Tiffany’s still on track for her master’s degree, although she just made the 2:1 she needed. She’s also been given her final year project, which involves writing an algorithm to analyse tweets and decide how cool a user is.
Strangely - I think the majority of people would think this unusual - summer is my least favourite time of year. It always involves a disappointing amount of sunshine, too many spiders and wasps, and a barren wasteland of inactivity. The start of my third year can't come quick enough!
In my last diary entry, I spoke about needing to achieve a 2:1 in order to progress to my master's year. I'm pleased to say that I did get a 2:1, although only just, so I'm still on track for my master's degree. No resits either, which is good, although I think I do need to try a little harder next year in order to get the first I'd like.
Another major event that happened in my third and final term of second year was being given my final year project, and writing my proposal in which I discuss my research into the field and my plans for the project.
I was given my third choice, which I was a little disappointed about, but I'll make do. My project is going to be to write a “coolometer” for Twitter, which involves writing an algorithm to analyse tweets and decide how cool or uncool the user is.
An interesting concept, in my proposal I came up with a mathematical formula which takes into account the number of tweets the user has posted, the number or hashtags and @ symbols used, and the number of followers versus the number of people that the user is following:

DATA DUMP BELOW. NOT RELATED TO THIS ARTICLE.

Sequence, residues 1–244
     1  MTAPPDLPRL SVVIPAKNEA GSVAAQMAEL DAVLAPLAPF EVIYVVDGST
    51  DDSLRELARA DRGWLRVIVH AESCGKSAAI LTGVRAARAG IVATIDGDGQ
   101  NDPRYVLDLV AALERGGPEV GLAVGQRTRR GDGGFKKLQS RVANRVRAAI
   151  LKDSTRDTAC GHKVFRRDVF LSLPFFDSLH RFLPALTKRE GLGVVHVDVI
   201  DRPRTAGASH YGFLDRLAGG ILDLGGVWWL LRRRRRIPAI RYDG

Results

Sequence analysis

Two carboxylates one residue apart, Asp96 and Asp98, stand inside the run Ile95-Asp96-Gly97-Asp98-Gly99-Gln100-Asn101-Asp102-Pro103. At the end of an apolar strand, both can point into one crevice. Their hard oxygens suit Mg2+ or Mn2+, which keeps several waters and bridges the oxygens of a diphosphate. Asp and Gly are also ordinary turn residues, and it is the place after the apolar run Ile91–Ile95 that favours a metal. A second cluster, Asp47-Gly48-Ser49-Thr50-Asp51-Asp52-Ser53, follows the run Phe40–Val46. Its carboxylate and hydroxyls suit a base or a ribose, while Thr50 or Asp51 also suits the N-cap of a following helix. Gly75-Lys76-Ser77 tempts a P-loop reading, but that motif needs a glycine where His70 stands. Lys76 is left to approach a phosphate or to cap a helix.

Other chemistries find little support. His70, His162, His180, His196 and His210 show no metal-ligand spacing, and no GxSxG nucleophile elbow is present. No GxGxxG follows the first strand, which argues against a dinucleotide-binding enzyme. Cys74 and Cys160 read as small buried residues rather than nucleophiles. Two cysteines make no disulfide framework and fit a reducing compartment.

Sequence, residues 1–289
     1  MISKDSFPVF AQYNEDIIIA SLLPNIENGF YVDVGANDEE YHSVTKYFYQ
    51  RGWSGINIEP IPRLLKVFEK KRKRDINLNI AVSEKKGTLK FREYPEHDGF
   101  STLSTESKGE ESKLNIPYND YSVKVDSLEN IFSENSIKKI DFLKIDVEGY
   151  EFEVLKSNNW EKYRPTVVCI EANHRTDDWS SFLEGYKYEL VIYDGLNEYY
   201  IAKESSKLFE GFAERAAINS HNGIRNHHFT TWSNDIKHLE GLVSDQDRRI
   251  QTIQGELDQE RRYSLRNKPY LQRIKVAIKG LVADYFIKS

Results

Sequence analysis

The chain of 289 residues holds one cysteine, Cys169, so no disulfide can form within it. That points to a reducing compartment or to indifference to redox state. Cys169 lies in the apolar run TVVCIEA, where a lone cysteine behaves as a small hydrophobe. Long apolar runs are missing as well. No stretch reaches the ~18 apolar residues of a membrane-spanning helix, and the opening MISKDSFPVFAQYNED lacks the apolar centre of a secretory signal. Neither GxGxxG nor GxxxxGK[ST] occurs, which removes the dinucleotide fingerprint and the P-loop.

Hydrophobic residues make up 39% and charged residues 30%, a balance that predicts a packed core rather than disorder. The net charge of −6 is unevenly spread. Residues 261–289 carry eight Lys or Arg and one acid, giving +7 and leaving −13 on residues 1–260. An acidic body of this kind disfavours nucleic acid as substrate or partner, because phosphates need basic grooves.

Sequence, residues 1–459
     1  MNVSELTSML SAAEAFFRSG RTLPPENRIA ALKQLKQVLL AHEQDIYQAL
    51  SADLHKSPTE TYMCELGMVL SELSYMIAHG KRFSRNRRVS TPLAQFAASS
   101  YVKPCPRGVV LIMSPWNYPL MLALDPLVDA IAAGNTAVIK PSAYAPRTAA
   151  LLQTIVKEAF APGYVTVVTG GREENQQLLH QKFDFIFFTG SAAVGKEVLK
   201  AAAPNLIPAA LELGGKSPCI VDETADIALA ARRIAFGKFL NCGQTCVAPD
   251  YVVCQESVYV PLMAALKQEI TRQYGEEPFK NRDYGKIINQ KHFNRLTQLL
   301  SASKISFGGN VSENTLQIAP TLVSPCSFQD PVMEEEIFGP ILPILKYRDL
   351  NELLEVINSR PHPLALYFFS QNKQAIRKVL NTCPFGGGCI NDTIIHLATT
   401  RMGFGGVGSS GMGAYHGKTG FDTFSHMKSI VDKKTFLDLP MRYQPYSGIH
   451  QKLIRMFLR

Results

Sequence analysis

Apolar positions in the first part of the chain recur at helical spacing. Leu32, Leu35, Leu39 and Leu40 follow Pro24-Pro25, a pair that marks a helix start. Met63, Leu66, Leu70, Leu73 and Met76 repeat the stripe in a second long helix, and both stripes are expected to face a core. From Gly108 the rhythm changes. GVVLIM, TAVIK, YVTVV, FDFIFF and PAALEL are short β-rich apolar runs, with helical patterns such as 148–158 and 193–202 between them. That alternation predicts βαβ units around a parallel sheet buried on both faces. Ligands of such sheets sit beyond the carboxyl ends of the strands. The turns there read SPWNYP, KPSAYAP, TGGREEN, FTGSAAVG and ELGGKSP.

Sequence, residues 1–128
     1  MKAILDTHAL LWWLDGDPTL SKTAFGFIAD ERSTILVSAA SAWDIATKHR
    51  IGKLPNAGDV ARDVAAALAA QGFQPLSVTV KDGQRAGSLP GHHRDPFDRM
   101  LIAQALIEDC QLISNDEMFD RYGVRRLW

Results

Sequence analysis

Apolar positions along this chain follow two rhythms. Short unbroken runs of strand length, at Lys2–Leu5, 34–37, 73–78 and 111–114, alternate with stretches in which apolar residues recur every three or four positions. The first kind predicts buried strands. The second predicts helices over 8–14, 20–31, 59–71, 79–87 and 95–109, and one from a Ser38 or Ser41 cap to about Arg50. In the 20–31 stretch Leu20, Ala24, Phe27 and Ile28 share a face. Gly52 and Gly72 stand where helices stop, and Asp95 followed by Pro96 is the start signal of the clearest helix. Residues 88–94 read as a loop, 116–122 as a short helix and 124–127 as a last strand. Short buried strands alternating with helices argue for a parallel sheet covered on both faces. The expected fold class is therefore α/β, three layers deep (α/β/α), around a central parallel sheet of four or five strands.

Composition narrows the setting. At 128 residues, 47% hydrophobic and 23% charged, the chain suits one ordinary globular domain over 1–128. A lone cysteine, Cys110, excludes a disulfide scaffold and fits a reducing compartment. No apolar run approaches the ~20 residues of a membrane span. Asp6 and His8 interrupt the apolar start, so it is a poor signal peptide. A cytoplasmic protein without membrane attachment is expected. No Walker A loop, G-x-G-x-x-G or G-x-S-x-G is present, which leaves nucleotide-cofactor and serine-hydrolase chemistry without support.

Coolness = ((C * 0.5) + (F * 0.25) + (H * 0.125) + (A * 0.125)) * 100
C = coolness level as determined by the language classifier
F = number of followers a user has minus the number of people they are following (celebrities and other popular people on Twitter generally have more followers than people they follow - returning a positive value. Less popular Twitter users generally have less followers than people they follow, returning a negative value)
H = average number of hash tags used per tweet
A = average number of @ symbols used per tweet
The four values are weighted in order of importance, so coolness level will have the most influence on the final result.
The language classifier mentioned is a tool I found during my research that can be trained to analyse a piece of text and classify it. In this case, I'll give the classifier several examples of what I deem to be cool and uncool tweets to train it. Once trained, the classifier should then be able to class pieces of text as either cool or uncool. Obviously, coolness is subjective, which makes the project all the more intriguing. I'm looking forward to getting my teeth into this project at the start of next year.
The final presentation and demonstration for the Android friend finder project mentioned in my last diary entry also went well, with the whole group achieving over 90 per cent and a solid first overall. I'm so proud of myself and the rest of the group, and really believe we deserved such a high mark as we toiled endlessly to get the project done! One particular low point was spending 24 hours solid in the computer labs the day before the project was due. I felt like the walking dead afterwards, but it was worth it.